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Health and Safety: Get a safe handle on winter equipment

December 15, 2021  By CCOHS

The annual signs of winter are inevitable: the snow starts to fall, the temperatures hit below freezing, and the chill can be felt from our toes to our nose. As the seasons change, it’s important to be prepared and adapt the way we work outdoors. Whether it’s wearing the appropriate layers, using seasonal equipment, or being mindful of surroundings, outdoor work is heavily impacted by the changing season.

How do you keep your crew safe and thriving during these cold winter months? If your workplace has an existing health and safety program, including a winter safety plan can help give everyone the information and tools needed to prepare accordingly. A winter safety plan should include risk assessments, equipment inspections, safe handling tips, emergency procedures, and training. 

Risk assessments
Conducting a risk assessment can help identify hazards that have the potential to cause harm. For example, when using a snow thrower (or blower), workers may encounter debris, branches, or loose gravel which can be a risk to workers and the equipment. To complete the risk assessment, analyze and evaluate each hazard associated with the task and determine the risk’s likelihood and severity. 

Once the risk has been assessed, determine appropriate controls to eliminate the hazard or reduce the risk when the hazard cannot be eliminated. In this case, ensuring that workers clear the area and making sure no one is in the line of fire can help reduce the risk of injury. 


Equipment inspection
Another step to include in your winter safety plan is to inspect and assess all snow and ice management equipment prior to the start of the season. This will help with your risk assessment to identify potential hazards and controls, which in turn may help prevent incidents, injuries, and illnesses.

Preventive and pre-season maintenance is also imperative for optimal performance. Due to the nature of seasonal equipment, by the time winter starts again, a lot of it has not been used for months. Inspecting equipment prior to its first use can help determine if any repairs or maintenance are necessary, before the equipment is needed. 


Workers should also make sure to conduct a pre-operational or circle check before using any equipment to detect damage, leaks, and other issues that may affect the safe use of the machine such as fluid levels, attachments, tires/tracks, back up alarms, and lights. 

Safe handling
Make sure workers are prepared to handle all snow and ice removal equipment safely. Provide them with adequate time to warm up their muscles and to work at a pace that is manageable and safe. Also, are they dressed appropriately for the weather conditions and the task at hand? Are they using proper technique when lifting or pushing equipment while keeping in mind that the ground may be slippery?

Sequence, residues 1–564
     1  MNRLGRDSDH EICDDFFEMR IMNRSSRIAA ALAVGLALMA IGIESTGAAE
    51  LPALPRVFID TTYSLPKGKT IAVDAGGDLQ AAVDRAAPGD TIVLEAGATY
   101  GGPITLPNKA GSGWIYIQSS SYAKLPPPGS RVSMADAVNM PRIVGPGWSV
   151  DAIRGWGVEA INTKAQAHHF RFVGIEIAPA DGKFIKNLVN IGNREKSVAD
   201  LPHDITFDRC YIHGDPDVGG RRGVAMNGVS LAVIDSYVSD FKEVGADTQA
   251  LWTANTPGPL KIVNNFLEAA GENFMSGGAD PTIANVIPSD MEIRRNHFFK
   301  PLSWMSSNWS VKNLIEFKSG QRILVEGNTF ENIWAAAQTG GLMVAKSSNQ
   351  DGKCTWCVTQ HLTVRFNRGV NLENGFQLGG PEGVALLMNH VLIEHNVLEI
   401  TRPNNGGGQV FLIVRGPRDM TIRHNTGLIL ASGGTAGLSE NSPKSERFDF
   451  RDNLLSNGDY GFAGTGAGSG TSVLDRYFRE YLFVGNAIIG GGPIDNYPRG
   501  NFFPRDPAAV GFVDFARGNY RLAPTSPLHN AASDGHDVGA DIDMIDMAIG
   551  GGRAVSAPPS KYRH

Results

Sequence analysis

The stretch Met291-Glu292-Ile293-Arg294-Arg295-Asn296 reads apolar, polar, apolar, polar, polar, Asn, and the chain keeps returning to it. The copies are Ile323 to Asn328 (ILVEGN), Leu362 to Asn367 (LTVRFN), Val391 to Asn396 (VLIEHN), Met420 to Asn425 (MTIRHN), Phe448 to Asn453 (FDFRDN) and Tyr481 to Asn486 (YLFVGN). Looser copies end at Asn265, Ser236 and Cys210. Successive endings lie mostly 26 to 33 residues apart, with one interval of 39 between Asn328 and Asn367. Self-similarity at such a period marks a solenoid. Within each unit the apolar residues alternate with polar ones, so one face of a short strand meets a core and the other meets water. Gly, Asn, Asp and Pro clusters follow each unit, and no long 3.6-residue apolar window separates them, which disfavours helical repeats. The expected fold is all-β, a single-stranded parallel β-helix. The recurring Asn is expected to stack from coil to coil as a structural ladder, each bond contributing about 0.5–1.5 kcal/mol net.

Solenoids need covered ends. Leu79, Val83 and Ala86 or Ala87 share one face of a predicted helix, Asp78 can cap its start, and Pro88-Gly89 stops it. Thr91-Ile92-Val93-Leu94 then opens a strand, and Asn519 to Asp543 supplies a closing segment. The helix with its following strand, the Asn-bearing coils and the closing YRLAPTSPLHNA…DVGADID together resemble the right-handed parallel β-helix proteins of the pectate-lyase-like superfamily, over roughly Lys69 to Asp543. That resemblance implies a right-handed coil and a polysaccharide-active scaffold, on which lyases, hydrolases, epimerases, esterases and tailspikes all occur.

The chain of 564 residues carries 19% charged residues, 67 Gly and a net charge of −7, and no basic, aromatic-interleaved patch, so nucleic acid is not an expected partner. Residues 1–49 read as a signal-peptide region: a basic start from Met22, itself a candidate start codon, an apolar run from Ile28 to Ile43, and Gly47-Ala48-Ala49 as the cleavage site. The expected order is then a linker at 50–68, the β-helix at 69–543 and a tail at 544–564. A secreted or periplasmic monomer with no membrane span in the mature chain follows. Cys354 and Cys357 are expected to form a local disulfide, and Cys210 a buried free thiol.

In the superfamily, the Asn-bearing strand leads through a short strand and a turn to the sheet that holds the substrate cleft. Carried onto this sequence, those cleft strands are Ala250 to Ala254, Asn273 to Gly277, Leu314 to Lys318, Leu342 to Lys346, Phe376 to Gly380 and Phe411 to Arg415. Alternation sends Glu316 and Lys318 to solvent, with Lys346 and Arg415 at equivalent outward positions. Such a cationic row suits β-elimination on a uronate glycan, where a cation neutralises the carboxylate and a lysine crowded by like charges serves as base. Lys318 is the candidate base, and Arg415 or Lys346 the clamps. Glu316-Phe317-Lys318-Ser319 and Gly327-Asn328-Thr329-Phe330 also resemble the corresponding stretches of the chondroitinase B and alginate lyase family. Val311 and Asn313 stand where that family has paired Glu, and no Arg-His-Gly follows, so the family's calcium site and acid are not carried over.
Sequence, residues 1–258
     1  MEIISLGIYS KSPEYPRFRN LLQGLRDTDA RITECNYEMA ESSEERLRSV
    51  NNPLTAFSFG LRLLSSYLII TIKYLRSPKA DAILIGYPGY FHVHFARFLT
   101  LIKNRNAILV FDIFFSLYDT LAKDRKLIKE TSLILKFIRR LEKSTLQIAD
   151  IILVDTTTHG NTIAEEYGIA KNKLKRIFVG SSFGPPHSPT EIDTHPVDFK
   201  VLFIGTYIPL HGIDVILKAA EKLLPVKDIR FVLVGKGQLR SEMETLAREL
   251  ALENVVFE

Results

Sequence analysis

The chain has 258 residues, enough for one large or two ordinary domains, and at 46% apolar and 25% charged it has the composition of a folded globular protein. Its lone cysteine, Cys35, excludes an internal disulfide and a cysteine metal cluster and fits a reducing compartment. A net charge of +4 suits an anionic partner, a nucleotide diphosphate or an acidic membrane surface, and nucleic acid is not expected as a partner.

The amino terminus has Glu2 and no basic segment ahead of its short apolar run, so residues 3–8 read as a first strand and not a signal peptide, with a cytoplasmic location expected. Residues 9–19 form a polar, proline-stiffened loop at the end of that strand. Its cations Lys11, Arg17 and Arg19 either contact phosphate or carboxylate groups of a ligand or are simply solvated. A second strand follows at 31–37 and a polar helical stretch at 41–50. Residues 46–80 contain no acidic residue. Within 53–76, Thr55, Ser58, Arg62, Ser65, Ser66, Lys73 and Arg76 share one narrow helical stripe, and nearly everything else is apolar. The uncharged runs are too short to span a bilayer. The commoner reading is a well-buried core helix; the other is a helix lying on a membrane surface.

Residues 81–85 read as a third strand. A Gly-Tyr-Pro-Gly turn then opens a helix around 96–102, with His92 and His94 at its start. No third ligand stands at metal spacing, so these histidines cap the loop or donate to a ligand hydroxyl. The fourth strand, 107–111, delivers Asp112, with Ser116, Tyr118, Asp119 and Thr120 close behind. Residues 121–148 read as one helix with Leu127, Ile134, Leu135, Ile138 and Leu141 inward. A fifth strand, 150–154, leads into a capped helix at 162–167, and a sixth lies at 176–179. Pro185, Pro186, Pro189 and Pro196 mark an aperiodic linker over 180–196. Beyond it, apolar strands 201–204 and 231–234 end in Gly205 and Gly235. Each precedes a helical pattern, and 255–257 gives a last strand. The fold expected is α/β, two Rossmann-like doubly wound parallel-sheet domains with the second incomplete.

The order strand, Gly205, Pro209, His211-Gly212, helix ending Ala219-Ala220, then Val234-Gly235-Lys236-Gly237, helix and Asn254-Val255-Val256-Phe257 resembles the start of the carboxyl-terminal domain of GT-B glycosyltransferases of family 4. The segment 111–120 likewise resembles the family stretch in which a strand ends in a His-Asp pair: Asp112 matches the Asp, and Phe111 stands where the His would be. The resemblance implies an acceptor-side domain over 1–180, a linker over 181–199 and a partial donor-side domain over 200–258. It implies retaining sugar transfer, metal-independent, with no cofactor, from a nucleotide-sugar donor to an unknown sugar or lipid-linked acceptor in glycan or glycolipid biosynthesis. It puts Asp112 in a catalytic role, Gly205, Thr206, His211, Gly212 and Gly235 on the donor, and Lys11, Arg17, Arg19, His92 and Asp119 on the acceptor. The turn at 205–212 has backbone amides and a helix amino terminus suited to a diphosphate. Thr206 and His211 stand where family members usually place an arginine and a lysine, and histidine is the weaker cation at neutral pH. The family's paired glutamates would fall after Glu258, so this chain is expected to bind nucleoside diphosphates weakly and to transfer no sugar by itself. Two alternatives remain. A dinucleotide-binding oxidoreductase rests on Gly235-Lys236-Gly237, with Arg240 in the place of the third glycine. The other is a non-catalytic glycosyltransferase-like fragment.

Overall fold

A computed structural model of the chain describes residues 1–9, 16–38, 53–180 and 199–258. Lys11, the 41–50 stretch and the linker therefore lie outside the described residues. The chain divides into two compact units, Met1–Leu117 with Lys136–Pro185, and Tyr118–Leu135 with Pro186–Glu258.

Emergency procedures
Workers should understand all procedures related to reporting incidents, providing first aid, and receiving medical care. These procedures should be clear and accessible so that everyone is prepared in the event of an emergency. 

For each shift, at least one trained person should be assigned the responsibility of attending to emergencies. Each jurisdiction has specific requirements relating to first aid, so always verify the legislation for a first aid provider or attendant. While working in the cold, consider having a buddy system in place as workers should look out for one another and be alert for the symptoms of hypothermia and other cold injuries. If they must work alone, an effective and reliable means of communication, check-in procedures, and other controls to alert others in the event of an emergency should be established.

Education and training
In addition to examining all equipment prior to use, it’s crucial that workers know how to handle the equipment safely during the winter. Make sure all workers receive the appropriate training and instruction for the assigned tasks. 

Include guidance on how to inspect all equipment before use and reference the operator’s manual and safe work procedure for the safe handling and operation of the equipment during training.

The Canadian Centre for Occupational Health and Safety (CCOHS) promotes the total well being of workers in Canada by providing information, training, education, systems and solutions that support health and safety programs and injury and illness prevention.

This article is part of the Equipment Week.

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